Gullah Geechee Historic Preservation Project launches, community input wanted

More than $100,000 is going to be available to historically black and Gullah Geechee communities in the Charleston area for preservation efforts.
Published: Jul. 17, 2023 at 4:46 PM EDT|Updated: Jul. 17, 2023 at 6:36 PM EDT
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CHARLESTON, S.C. (WCSC) - More than $100,000 is going to be available to historically black and Gullah Geechee communities in the Charleston area for documentation and preservation efforts.

A $75,000 National Park Service’s Underrepresented Communities Grant program combined with matches from the city of Charleston and the Preservation Society of Charleston totals about $110,000 to fund the 2-year initiative.

Walk through downtown Charleston, and you’ll notice several signs marking a historic event or leading you into a nearby museum full of stories of Charleston’s past.

The Gullah Geechee people trace their history as descendants of African slaves. According to the Gullah Geechee Group Inc., their isolation on coastal southeastern islands harvesting rice and cotton created a unique culture along the coast with deep African roots.

The Gullah Geechee Group Inc. shared in a statement that they plan to use this project to preserve a cemetery in the Snowden Community in Mount Pleasant and to help return property rights to black families who first settled there. The statement reads in full:

Gullah Geechee Group, Inc. is partnering on two fronts - 1) To give voice to the Mt. Pleasant Settlement Community history - Snowden, in particular, where our first VP has a long-standing home and cemetery to preserve (Fordham family); and 2) to assist landowners with retaining and reclaiming heirs property that has been the cause nationally of Black land loss from 15 million acres in the early 1900s to below 1 million by 2015 - including historical properties in downtown Charleston and other sites threatened ny government takeovers and gentrification.

Chloe Stuber is a Senior Planner with the City of Charleson. She says the city has done a good job preserving some buildings and certain landmarks downtown, but there is much more just outside the peninsula that deserves documentation.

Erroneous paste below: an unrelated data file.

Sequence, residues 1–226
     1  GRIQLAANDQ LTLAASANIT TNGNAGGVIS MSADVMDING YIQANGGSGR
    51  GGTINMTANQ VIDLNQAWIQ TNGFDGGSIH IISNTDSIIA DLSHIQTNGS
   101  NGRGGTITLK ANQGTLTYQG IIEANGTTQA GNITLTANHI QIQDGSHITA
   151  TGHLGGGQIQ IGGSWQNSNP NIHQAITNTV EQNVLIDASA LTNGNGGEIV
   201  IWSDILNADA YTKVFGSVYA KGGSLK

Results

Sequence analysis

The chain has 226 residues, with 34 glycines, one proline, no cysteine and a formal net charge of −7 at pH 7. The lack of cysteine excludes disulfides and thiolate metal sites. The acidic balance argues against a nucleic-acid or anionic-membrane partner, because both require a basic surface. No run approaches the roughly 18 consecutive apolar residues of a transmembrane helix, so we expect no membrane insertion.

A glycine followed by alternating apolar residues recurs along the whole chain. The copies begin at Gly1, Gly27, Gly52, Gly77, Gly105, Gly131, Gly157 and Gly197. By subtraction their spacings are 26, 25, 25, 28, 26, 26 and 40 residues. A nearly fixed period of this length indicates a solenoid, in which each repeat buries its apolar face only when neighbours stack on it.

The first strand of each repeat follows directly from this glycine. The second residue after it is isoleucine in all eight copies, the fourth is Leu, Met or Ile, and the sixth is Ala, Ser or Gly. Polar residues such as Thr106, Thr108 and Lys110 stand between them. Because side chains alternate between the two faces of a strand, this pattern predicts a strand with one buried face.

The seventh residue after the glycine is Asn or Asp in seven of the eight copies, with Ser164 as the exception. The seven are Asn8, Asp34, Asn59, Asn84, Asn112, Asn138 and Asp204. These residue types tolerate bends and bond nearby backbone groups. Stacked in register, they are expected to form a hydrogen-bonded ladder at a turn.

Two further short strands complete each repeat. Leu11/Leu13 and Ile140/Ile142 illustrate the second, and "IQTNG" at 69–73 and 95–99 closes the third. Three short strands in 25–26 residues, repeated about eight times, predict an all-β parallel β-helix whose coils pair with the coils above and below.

“Given the prevalence given the history, they’re significant. There’s rich, rich history in these communities. So much that I couldn’t even begin to say, because I don’t know. And that’s part of the purpose of this effort is to make sure that there’s more support. There’s more resources for those communities to properly document their history, and use that information to advocate for you know, whatever their priorities and goals are,” Stuber says.

Stuber says this project plan is still open-ended because it is meant to be community driven. It is entirely optional, and communities can come forward with what they need and how it will help tell their stories.

“Black history has been woefully underrepresented in our history of the area. And so, this is an effort to start to make up for that. But it’s there’s certainly a lot of work to be done. This grant is not going to achieve all of that with the funds that we received, and this is going to be long-term,” Stuber says.

The community meetings will create a guiding sense of which communities want to participate in and in what capacity. The city lists the following as goals for the project with the understanding that these are early ideas and flexible:

1. Connect a cohort of historic Gullah Geechee/African American Communities with the resources and technical assistance necessary to achieve their historic and cultural preservation goals.

2. Document the historical significance of community-identified sites, features and districts through surveys, oral history, archival collections and other methods.

3. Facilitate partnerships with a network of organizations to increase collaboration and sustainability for ongoing preservation efforts beyond the grant period.

4. Submit a successful nomination for the Scanlonville Cemetery to be listed on the National Register of Historic Places and potentially other nominations if desired by participating communities.

Luana M. Graves Sellars, the Founder of Lowcountry Gullah Geechee shared a statement expressing her excitement to learn more about the project.

“I think that it’s very exciting that the city is continuously recognizing the significant value of its Gullah Geechee history, culture and heritage and that they’ve been prioritizing finding new ways to preserve the settlement communities and their stories. The fact that they are embarking on these information sessions is a positive step in making sure that the community is involved and an active part of the conversation. I look forward to hearing more about the project’s scope and participating in any way that I can,” she said.

The following meetings will be in-person from 6 p.m. to 7:30 p.m.

• July 20 at Keith School Museum, 1509 Clements Ferry Rd., Wando

• July 24 at Baxter Patrick Library, 1858 S. Grimball Rd., James Island

• August 3 at Mount Pleasant Waterworks, Rifle Range Rd., Mt. Pleasant

• August 7 at J.E. Clyburn Wiltown Community Center, 5779 Parkers Ferry Rd., Adams Run

• August 10 at Cynthia G. Hurd Library, 1735 N. Woodmere Dr., West Ashley

• August 14 at Chicora Cherokee Elementary (Media Center) 3100 Carner Ave., North Charleston

• August 17 at Johns Island County Library, 3531 Maybank Highway, Johns Island

The city will be holding a Zoom meeting on August 21. Click here to register.